May 10, 2011
It’s the non-Twilight R-Patz movie. Yes it’s based on the (apparent) number-one best-selling novel by Sara Gruen. Yes it’s directed by Francis Lawrence, only his third feature film following Constantine and I am Legend. And yes it has some other well-known actors in it. Legally blondie, you know the one, and that guy from Inglourious Basterds, yada yada. C’mon guys, who cares…it’s Robert Pattinson! And let’s face it, to an army of hormonally overwraught Edward Cullen worshippers, it could be a four hour long documentary on the nature of excrement and no-one would care as long as RP graces the screen at least once with his oh so chiselled features. Read the rest of this entry »
Oh District 9, what hath ye wrought? To nobody’s surprise, that relatively small-budgeted sci-fi romp’s success spurred on the Hollywood braintrust into making not one but two similarly themed invasion yarns. The first of these was Skyline, directed by visual effects team The Brothers Strause (ugh), eager to cheaply follow up their not-smash success Alien vs. Predator: Requiem. Some legal troubles came about because The Brothers Strause (ugh) were also doing visual effects work on Battle: Los Angeles, or something along those lines. This is utterly ridiculous, of course, because there are scores of directors and writers that could sue both parties for shameless intellectual property theft. Read the rest of this entry »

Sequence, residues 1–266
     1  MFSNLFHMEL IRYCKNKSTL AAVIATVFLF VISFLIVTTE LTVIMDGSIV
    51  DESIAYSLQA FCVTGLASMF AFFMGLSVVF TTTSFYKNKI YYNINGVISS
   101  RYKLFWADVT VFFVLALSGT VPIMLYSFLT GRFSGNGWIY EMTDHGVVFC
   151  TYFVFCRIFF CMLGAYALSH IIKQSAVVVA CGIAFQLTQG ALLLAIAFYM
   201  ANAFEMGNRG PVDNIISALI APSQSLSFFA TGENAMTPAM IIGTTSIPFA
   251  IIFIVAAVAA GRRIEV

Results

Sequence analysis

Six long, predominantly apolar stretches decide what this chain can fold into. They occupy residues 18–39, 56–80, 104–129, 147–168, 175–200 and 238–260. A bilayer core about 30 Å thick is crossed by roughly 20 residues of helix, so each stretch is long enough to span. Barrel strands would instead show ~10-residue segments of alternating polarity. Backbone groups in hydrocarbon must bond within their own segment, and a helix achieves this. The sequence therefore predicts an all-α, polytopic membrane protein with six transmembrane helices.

May 4, 2011
In attempting to explain a particularly inscrutable dream sequence from his particularly inscrutable TV series John from Cincinnati, David Milch discusses the significance of cave paintings. The general crux of his argument is that when those early humans scrawled a buffalo onto the wall, it was a signifier that there was a herd nearby. When they added human characters with spears chasing them down, it became a narrative. It was the first instance of humans using stories to organize the world around them. Milch goes on to declare this is how we imitate and connect (and possibly create) God, but the general organizing principle is itself important. The power of narrative and art to allow us to better understand ourselves and the world around us might be its most important element.